Make the Internet Sourcer and Recruiter Friendly

Article main image
Oct 19, 2016
This article is part of a series called Editor's Pick.

Last month, I had a coffee chat with a technical sourcing lead at Google to shoot the breeze about talent sourcing, brainstorming ideas about our industry. But I was thrown away when he asked me, “Steven, do you know how much we [Google] pay for finding the best talent in the market?” I didn’t have an immediate answer, but his answer inspired me and opened my eyes to the realities of talent sourcing.

Google hires more than 500 sourcers external and in-house. Let’s do the math. Assuming average technical sourcer hourly salary at about $47 per hour, Google pays $23,500 an hour to source talent! Yearly, that’s over $48,880,000.00 ($48+ million) from a single tech company!


Source: Glassdoor


We always talk about how cool and innovative Google is, but rarely research deeper into how much effort Google puts into finding high potential Googlers and innovators. It should inspire sourcers to know that top companies have a strong commitment to our work.

It’s not just Google. Every aggressive company heavily invests in talent sourcing and recruiting because smart companies understand that ideas are a dime a dozen; innovators always beat ideas, day in and day out. As a result, the tech market triggered by talent sourcing demand has explosively increased. According to LinkedIn’s report, the total addressable market (TAM) of talent sourcing solutions is $115 Billion. Over the past 20 years, technologies came into the recruiting industry to boost the recruiting process over and over again only to get acquired.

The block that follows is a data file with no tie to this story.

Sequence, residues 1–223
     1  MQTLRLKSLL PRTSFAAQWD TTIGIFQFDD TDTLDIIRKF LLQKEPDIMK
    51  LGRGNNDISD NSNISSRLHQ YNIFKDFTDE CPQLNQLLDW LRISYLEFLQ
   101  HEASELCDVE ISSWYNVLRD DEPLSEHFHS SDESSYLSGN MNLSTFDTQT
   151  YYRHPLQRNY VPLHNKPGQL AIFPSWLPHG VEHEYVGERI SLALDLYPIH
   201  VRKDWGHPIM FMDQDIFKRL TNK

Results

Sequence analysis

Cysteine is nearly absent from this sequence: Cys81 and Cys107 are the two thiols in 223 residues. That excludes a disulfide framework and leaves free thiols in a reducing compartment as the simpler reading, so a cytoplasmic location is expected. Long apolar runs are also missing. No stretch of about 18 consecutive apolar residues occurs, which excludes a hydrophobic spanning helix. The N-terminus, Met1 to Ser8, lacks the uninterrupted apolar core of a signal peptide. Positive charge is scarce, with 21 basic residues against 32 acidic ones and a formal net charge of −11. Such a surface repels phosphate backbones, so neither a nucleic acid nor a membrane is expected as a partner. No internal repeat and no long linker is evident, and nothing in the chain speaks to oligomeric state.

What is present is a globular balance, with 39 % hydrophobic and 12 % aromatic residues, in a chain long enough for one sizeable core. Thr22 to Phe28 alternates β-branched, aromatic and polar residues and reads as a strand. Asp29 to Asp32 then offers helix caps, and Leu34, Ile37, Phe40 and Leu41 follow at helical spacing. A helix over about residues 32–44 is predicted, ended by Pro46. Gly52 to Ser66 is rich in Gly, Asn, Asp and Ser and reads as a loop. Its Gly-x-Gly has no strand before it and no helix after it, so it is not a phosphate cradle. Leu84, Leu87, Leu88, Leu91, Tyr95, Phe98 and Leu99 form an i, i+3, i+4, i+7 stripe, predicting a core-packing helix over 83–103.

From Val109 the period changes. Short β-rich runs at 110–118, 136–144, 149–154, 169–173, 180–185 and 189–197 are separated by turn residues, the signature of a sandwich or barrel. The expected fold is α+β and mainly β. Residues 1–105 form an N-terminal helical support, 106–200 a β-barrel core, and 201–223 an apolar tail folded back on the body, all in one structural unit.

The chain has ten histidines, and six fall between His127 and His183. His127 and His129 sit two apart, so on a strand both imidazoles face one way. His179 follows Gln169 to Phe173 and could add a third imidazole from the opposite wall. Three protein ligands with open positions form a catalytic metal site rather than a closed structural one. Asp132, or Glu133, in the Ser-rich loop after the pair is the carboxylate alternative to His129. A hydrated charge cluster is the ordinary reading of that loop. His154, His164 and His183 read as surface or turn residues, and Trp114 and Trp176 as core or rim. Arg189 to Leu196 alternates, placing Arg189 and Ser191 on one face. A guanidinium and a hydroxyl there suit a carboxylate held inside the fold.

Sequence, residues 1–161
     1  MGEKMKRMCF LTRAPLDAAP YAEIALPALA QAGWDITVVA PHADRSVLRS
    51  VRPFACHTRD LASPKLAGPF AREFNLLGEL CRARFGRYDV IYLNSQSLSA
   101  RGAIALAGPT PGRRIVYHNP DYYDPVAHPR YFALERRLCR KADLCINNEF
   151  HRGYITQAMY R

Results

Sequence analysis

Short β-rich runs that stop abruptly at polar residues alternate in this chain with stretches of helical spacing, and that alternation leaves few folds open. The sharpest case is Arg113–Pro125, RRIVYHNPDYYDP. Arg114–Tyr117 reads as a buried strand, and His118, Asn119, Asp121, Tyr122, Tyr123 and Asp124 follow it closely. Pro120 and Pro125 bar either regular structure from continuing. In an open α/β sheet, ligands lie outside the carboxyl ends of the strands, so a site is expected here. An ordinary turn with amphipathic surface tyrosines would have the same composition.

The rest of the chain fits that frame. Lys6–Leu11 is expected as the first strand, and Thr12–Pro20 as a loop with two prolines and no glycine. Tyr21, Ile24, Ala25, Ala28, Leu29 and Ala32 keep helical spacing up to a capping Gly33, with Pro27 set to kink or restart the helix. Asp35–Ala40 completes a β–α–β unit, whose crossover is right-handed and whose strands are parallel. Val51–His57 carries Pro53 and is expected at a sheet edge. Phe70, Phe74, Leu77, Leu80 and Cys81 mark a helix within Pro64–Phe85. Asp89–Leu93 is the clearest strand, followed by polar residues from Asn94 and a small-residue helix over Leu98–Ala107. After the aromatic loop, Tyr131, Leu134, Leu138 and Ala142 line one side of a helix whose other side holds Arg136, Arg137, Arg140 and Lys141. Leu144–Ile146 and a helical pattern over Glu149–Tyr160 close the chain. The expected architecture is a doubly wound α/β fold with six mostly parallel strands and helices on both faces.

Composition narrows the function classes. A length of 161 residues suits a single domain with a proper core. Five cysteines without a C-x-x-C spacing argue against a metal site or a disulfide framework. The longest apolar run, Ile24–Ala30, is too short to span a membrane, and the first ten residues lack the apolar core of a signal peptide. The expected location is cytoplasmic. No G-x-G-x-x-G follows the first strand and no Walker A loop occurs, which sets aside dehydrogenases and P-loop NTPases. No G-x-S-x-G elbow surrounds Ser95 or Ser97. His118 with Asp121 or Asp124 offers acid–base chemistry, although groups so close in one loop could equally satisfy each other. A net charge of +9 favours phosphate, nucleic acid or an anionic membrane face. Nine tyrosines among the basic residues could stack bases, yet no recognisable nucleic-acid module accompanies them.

From online job boards, resume databases, to professional social networks, we see the past generations of talent sourcing technology. Each evolution is coming closer to the revolution of ‘Professional Internet’ which is made possible with cutting edge technologies like deep learning and applied cognitive science. In fact, we are already in the age of Professional Internet.


The future is now! Exploring the Generations


Generation 0: Rock, Paper, Scissors

Whoever wins, gets the job! No seriously, rocks for hunting mammoths, paper for filling applications, and then scissors to… well, you get the gist.


Generation 1: Online Job Boards

Back in 1988, people advertised their job information in newspapers, forums, and career sites – mostly uni-directional sourcing. The quantity and quality of candidates were dependent on how popular the media were. It also hallmarked the first of online job boards and the first job listing on Usenet.



Generation 2: Professional Database